I grew up in the Columbia Gorge and windsurfing was my first exposure to sailing so free standing wishbone rigs appeal to me on that sort of instinctual level that long over hangs and teak seem to appeal to the older crowd. As a physicist rigging just seems hideously inelegant.

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In some ways, the boats with freestanding rigs are less uniform in their engineering than the sloops. I would guess that's partly due to less pressure to conform to racing practice, and some part that they are all the result of some free-thinker who does things his own way.

 

I always felt the Freedoms had a hell of a lot line on them for what was supposed to be a simple boat. Freedom has used several designers (Hoyt, Mull, etc) and I'm sure each did things a little differently. I did see a Freedom with the topmast broken off, and I always wondered how they did that. Could have been a low bridge... Or a masthead chute.

 

We have a couple of Nonsuches in our marina. The owners like them a lot. The Wishbone takes away some of the adjustability because the foot of the sail becomes the vang.

 

The Hunter Vision series was pretty interesting to me, technically. The aluminum mast was very thin and flexible at the top. Those boats really were meant for beginners, and the rig was very simple. That tends to mean good for fair weather only. Someone at Hunter got huffy when a reviewer called them "bay sailers."

 

One should keep in mind that the majority of sailors have no clue about the nuances of sail control mentioned up-thread. If the main doesn't have major wrinkles,t then it looks good to them.

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One should keep in mind that the majority of sailors have no clue about the nuances of sail control mentioned up-thread. If the main doesn't have major wrinkles,t then it looks good to them.

 

Wait, what? You mean there's more to it than that??blink.gif

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Saw one of these early in the week: Freedom 38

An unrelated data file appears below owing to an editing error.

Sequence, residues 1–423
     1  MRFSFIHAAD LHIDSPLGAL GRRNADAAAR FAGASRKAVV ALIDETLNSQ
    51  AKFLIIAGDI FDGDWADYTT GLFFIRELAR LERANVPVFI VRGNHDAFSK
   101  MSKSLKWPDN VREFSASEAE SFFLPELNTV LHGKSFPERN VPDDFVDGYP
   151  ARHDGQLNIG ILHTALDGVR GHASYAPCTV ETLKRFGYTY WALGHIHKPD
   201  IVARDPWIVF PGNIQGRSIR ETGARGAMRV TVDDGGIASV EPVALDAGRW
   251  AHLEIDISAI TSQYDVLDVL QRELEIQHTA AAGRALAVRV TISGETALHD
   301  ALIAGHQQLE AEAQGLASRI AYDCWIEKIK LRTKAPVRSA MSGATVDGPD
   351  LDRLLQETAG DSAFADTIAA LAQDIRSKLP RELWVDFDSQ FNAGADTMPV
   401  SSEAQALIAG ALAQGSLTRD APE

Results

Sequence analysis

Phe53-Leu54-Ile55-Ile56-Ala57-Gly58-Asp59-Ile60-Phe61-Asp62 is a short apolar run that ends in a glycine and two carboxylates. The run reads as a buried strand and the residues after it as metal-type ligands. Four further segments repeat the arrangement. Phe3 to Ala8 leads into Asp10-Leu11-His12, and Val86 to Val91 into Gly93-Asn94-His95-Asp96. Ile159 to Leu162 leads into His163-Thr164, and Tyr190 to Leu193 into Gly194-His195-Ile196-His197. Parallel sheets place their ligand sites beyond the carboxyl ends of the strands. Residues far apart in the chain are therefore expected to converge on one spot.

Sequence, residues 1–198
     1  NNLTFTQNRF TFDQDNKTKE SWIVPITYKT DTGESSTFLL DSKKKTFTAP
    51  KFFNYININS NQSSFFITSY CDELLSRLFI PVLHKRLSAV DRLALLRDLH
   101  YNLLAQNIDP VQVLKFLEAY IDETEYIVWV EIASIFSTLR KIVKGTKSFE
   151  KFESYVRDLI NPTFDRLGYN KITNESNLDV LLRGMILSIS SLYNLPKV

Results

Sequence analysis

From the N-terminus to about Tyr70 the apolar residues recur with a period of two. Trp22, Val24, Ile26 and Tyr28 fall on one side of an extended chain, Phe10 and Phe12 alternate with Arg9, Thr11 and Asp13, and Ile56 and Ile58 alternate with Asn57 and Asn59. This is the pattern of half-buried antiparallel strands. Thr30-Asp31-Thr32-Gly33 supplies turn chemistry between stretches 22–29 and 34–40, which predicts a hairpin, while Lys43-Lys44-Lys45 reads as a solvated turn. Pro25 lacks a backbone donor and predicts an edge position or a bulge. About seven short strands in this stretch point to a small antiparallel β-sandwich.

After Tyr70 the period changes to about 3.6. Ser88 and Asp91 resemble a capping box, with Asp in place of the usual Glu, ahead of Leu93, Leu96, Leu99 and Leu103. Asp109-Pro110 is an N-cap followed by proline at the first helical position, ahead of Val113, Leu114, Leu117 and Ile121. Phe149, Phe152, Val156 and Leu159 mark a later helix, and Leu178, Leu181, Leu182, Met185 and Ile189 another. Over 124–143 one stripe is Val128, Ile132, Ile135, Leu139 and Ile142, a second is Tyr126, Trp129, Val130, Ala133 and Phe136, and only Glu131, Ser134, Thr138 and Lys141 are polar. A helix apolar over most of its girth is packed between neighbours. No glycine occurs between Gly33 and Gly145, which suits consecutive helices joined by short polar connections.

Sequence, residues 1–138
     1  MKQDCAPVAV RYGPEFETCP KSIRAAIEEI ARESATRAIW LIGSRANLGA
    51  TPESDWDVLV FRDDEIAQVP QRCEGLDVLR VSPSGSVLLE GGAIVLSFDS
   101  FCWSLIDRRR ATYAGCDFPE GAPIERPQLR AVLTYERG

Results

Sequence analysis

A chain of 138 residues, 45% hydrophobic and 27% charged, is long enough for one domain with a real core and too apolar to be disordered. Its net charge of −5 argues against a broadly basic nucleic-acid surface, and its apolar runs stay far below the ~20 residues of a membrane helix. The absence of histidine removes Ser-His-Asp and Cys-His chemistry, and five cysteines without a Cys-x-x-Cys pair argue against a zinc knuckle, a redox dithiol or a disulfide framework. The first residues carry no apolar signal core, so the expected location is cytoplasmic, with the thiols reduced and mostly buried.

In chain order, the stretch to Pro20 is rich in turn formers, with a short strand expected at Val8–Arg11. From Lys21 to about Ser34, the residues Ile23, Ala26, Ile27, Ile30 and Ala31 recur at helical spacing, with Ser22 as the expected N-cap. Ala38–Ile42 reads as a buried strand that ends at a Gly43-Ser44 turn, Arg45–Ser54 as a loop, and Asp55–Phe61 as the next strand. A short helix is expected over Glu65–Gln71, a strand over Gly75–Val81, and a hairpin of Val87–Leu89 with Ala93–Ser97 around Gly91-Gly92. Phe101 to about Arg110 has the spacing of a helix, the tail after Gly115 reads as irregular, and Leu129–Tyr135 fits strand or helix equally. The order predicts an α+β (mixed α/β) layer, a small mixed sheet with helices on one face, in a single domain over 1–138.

A free-standing rig this big, simply blows my mind. It looked so odd. Don't these boats also have rotating masts? What is the advantage to this? Why wasn't this concept more popular? What were the big flaws (if any)?

 

I wish I'd gotten pictures, but I was too busy sailing my own boat.

 

Psyché's Song has raced an average of forty club races a year for the past ten years. Loves heavy air. But 30 knots on Mother's Day was a tad excessive!

 

PS%2B052011.JPG

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Perhaps a reef would depower that wing a bit?

 

What do you think?

I know the skipper rather well and his attitude is that he'd rather go in than reef. I see his point. Who would want to choke that beautiful mainsail?

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Perhaps the solution is two mains? One pristine main for most races and a heavy main with reef points for the blusterly days?

 

As a guy who sails most races in front of the mast I'd like to see the back of the boat make some sail changes once in a while:)

 

-Jaya

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Perhaps the solution is two mains? One pristine main for most races and a heavy main with reef points for the blusterly days?

 

As a guy who sails most races in front of the mast I'd like to see the back of the boat make some sail changes once in a while:)

 

-Jaya

The owner has explored that option somewhat. A $1,000 addition to the sail inventory is what I've been told.

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Any thoughts on David Pedrick's Freedom 40?

 

Is that the one that pitch poled in the southern ocean?

When was that? What decade?

 

Not sure ---- could be a phantom memory.

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Any thoughts on David Pedrick's Freedom 40?

 

Is that the one that pitch poled in the southern ocean?

When was that? What decade?

 

Not sure ---- could be a phantom memory.

 

Not exactly. There was an urban legend about a Freedom pitch-poling in the South Atlantic. The legend goes that the mast stayed in place, but the keel broke off. Don't know the boat, but it is supposed to have happened in the 1980's.

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Any thoughts on David Pedrick's Freedom 40?

 

Is that the one that pitch poled in the southern ocean?

When was that? What decade?

 

Not sure ---- could be a phantom memory.

 

Not exactly. There was an urban legend about a Freedom pitch-poling in the South Atlantic. The legend goes that the mast stayed in place, but the keel broke off. Don't know the boat, but it is supposed to have happened in the 1980's.

 

Her's a post in a thread on "Cruisers Forum":

 

post_old.gif 24-12-2006, 07:51 #9 Quijote Registered User 2stars.gifclear.gif

Join Date: May 2006 Location: Rota, Spain Boat: Sceptre 41

Posts: 59 Andrew,

The difficulty in reducing sail is exactly what you would expect from a normal mainsail. If the gear is laid out correctly, it's simple. Of course, you have two "mainsails". In my designs, we led all the reefing lines aft, so there was nothing to it.

Strength is a function of engineering. If the spars are designed for the loads correctly, they should last forever. I remember a cat-ketch that was doing the single-handed around the world race. I forget the name now, but I knew the engineer and he had wanted to use all carbon fiber.

But due to budgetary considerations, the masts had to be made with a mix of carbon fiber and S-glass. They still worked well.